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extreme want of various articles that were on board. Such being the case, the British colors were displayed, and the licence produced, but to no purpose*; and Mr. Savigniac, unwilling to proceed to extremities, was upon the point of returning to England, when the natives expressed so strongly their anxiety for the landing of the goods, that, in order to bring the government to a sense of its duty and interest, he thought proper to release Captain Jackson from the clause in the charter-party which prevented him from making prizes in Iceland, and to commence hostilities, by taking possession of a Danish brig, which had just arrived from Norway with provisions. The officers of

* Upon the subject of permitting a commercial intercourse, Count Tramp remarks, that, " the existing laws of the country strongly prohibiting all trade with foreign nations, it was the duty of the officers in whose hands he had, at that time, during his absence to Copenhagen, left the management of public affairs, to refuse this application."—It may be so 5 but, surely, a nation which had conducted itself with so much lenity and forbearance as ours had done towards this island, might have expected to have received a better return for its kind offices.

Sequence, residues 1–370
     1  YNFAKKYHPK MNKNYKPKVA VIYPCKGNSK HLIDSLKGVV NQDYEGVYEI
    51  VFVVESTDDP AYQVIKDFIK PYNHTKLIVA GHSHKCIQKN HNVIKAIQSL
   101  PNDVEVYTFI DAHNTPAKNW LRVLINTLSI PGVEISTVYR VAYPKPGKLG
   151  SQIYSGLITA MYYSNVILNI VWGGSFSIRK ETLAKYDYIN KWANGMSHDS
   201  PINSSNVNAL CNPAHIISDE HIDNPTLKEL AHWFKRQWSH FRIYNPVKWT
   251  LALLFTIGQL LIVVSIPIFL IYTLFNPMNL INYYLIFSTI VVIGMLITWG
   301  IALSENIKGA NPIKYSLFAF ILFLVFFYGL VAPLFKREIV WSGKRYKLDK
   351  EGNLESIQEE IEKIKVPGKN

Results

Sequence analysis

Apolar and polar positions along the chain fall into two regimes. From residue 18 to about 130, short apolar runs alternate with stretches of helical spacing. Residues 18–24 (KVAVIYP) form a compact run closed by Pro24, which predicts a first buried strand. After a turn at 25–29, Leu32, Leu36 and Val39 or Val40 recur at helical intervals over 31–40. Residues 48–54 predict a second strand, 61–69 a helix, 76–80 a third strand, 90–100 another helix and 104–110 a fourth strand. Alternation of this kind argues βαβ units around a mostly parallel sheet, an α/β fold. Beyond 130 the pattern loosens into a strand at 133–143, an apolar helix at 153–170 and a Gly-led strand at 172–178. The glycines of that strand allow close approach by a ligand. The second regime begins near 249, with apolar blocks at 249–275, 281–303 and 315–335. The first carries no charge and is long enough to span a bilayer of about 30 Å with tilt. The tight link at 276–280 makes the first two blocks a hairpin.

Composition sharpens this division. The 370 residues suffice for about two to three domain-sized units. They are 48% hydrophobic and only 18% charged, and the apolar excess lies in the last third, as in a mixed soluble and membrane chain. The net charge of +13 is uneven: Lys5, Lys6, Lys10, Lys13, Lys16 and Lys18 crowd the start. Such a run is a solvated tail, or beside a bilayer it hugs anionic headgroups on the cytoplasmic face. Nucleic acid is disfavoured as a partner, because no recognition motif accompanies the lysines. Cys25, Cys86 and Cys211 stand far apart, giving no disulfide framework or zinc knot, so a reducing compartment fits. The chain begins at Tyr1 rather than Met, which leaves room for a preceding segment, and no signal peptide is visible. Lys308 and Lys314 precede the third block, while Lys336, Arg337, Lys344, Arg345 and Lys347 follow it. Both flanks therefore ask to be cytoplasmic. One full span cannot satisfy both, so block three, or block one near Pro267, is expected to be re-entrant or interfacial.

the government now seeing their real situation, and fearing lest farther acts of a similar nature should be committed, found themselves under the necessity of concluding a convention, permitting a mercantile connection to be opened between the inhabitants of Reikevig and Mr. Savigniac, a measure that in reality was but of little importance, as the natives were still intimidated by the threats of those in power, and dared not purchase of the English; so that every thing went on, as before, through the hands of the Danish factors, who bought only just enough for their own immediate use. How hard this was, will immediately be seen, when it is known that of all the various articles on board the Clarence two only were on any terms to be procured in Iceland, salt and grain, the latter of which was entirely monopolized by government, and not to be purchased at a lower rate than twenty-two dollars per barrel, a price that virtually amounted to a prohibition, as it rendered it quite out of the reach of many even of the higher classes of the inhabitants. Mr. Savigniac, on the contrary, offered his at considerably less than half this price, but still no purchasers* were to be found, nor could he procure even tallow or any other kind of Icelandic produce in exchange for it; so, entirely foiled in his expectations, he was under the necessity of determining to remain himself in the country, and take care of his valuable